Every morning when we wake up, there is a reassuring sense of reality as we drift out from our dreams. Once the day begins, these dreams swiftly disintegrate from memory. But what if we started to lose that feeling of reality? What if our dreams and our alleged reality began to mesh together, causing us to lose grip on what is actuality and what is fiction?
NBC’s new, highly-anticipated crime drama, Awake, poses this question as it follows the life of Detective Michael Britten (Jason Isaacs) after a devastating car crash with his wife and son riding along. Since the accident, Britten has been immersed in two different worlds that switch back and forth every time he wakes up. In one reality, his wife, Hannah (Laura Allen), survives the crash, while in the other his son, Rex (Dylan Minnette), survives. In both of these worlds, Detective Britten is involved with ongoing police investigations. He is also required by the department to see a psychiatrist to help cope with the losses and emotional stress of the crash. However, Britten, despite polarizing suggestions from the two doctors in the two realties, is unsure which one is reality and which is a dream.
The pilot of Awake is rather difficult to follow because of these two alternate realities. It’s tricky to keep both separate because they are very familiar. Although there are two different police investigations, they both have subtle connections to each other, hinting at some type of mysterious relationship between them. To help keep the realities separate, Britten wears a green rubber band in the one where his son is still alive and a red rubber band in the one where his wife is still alive.
Awake has an Inception-like feel to it because we, along with Britten, don’t know what world is reality. After such a tragic loss, it almost seems like Britten is cheating the system by somehow creating two different universes that he can toggle between where he can see and touch his loved ones. Perhaps he is afraid to “choose” which reality he wants to accept because he cannot cope with either his wife or son being gone forever.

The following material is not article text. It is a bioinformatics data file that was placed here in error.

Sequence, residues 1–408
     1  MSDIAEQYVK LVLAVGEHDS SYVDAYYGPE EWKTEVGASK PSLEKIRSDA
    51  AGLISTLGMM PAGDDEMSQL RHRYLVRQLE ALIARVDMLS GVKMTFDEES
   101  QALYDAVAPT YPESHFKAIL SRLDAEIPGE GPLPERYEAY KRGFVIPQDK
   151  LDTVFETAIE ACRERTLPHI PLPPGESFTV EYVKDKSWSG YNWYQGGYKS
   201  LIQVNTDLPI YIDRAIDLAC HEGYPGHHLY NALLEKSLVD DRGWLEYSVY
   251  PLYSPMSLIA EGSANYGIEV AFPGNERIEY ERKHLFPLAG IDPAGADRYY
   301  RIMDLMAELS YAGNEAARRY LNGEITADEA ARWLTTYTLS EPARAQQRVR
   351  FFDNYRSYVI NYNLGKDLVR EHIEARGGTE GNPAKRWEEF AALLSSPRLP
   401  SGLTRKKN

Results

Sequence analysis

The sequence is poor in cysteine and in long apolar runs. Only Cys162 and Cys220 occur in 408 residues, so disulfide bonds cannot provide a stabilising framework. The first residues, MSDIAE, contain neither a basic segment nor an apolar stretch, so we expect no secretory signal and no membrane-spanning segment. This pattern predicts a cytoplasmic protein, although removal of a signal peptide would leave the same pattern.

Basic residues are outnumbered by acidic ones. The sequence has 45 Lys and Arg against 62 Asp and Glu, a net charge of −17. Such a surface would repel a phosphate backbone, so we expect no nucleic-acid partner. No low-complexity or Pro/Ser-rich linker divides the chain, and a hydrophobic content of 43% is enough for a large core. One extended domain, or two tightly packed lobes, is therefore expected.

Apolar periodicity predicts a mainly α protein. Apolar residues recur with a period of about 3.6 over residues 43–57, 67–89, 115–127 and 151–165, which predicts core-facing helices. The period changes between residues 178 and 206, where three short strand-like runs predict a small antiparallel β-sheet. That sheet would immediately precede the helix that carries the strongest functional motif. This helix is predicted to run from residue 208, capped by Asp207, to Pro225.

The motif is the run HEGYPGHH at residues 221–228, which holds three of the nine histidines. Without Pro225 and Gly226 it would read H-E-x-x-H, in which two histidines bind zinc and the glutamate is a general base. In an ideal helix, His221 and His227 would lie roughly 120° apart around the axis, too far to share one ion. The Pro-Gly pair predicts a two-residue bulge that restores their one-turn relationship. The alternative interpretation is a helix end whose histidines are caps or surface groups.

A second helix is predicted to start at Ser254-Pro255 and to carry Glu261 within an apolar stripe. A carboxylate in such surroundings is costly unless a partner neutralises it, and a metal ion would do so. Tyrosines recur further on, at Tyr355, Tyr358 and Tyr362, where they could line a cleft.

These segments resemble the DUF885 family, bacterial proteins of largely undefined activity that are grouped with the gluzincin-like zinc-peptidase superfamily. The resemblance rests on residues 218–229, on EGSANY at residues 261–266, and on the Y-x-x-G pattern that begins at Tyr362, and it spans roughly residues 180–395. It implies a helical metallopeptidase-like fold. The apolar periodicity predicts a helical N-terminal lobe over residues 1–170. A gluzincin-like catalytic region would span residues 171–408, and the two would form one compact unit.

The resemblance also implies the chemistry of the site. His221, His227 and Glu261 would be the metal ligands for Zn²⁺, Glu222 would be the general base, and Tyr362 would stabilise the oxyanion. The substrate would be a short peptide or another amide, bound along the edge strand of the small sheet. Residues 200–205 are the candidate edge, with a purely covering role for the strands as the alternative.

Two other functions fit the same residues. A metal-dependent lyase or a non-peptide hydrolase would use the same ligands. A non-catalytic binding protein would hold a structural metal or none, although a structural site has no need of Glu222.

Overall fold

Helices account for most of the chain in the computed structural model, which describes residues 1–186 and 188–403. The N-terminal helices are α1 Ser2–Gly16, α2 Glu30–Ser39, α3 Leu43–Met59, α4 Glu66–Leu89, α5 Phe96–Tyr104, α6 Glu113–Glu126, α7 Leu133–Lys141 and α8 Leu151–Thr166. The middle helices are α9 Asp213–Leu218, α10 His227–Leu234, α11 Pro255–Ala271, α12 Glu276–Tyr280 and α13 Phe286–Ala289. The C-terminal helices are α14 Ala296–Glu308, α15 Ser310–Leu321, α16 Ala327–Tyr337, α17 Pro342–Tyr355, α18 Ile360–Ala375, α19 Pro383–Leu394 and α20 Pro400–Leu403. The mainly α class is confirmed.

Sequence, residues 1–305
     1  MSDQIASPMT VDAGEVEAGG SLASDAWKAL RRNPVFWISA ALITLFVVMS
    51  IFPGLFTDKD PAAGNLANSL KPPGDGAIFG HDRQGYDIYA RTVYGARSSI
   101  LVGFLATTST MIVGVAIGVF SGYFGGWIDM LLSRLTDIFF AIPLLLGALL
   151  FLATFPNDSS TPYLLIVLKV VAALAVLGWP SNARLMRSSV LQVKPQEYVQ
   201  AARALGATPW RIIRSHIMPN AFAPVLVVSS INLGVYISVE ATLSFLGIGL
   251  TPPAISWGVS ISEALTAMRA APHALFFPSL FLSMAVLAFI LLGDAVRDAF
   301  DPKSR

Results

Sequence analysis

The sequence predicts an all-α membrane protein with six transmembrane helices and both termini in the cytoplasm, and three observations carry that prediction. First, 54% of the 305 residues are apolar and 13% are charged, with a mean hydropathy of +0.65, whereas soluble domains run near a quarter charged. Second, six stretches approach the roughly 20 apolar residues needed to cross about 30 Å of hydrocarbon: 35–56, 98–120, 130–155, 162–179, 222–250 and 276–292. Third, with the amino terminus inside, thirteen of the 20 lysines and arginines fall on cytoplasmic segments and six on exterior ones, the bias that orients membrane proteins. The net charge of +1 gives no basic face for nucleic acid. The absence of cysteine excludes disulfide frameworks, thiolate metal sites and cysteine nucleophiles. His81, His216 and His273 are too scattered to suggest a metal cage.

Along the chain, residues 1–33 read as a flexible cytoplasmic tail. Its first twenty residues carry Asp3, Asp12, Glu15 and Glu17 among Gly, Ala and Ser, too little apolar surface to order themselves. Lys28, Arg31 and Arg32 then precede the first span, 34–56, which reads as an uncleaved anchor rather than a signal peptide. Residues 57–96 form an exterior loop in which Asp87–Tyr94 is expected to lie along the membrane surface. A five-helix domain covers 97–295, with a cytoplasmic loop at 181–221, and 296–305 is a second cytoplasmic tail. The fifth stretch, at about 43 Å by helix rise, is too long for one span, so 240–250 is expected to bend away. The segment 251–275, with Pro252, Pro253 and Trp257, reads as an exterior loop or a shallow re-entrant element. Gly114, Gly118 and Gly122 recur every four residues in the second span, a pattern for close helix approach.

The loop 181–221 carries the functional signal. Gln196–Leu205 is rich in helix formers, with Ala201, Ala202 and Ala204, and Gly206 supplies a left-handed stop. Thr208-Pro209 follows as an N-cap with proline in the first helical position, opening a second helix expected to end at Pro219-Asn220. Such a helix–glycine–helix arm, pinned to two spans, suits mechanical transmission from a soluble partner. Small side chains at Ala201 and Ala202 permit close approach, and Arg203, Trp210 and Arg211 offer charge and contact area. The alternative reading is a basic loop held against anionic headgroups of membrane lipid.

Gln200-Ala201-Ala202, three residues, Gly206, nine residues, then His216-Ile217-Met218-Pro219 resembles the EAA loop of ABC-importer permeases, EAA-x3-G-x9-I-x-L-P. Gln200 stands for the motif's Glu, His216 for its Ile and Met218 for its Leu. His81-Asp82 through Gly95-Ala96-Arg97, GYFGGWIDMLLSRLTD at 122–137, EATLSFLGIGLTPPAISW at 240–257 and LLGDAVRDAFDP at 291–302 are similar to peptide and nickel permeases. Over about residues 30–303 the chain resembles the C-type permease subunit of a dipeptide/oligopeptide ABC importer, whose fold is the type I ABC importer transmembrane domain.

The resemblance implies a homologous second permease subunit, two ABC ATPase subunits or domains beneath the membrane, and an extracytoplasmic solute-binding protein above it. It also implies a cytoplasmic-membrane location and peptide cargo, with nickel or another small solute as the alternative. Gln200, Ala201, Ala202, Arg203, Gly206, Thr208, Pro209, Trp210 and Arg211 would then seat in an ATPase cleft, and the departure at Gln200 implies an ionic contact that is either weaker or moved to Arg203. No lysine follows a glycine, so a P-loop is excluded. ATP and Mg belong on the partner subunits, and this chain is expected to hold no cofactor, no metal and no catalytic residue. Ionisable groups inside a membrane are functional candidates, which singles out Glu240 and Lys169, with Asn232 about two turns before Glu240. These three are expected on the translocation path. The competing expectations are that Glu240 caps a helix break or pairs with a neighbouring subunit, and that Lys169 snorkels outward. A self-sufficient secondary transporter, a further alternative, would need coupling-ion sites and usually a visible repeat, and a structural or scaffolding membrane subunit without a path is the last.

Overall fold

Another mystery that will most likely be explored further into Awake is how exactly the car crash was caused. In the pilot, there was a suggestion that Britten had an elevated blood alcohol content level during the accident. This guilt may be a critical factor in the creation of these two alternate realities.
While the police/crime aspect of the show is generic and similar to the numerous other crime dramas out there, including those that have recently been cancelled, Awake gives the genre a fresh new angle. The underlying story of Britten’s alternate worlds, along with the fact that there are two cases per episode, create a captivating, original series that has a lot of potential. Although the lifespan of new broadcast shows are very short compared to those on cable and premium networks, Awake seems to have enough juice to keep it afloat for the near future.
Hulu, YouTube and iTunes have had the pilot of Awake available since Feb. 16 to create anticipation for the series. The NBC premiere of the show is scheduled for tonight, Thursday, March 1, at 10 p.m. and will air weekly in that same time slot.
Matt Vaghi may be reached at firstname.lastname@example.org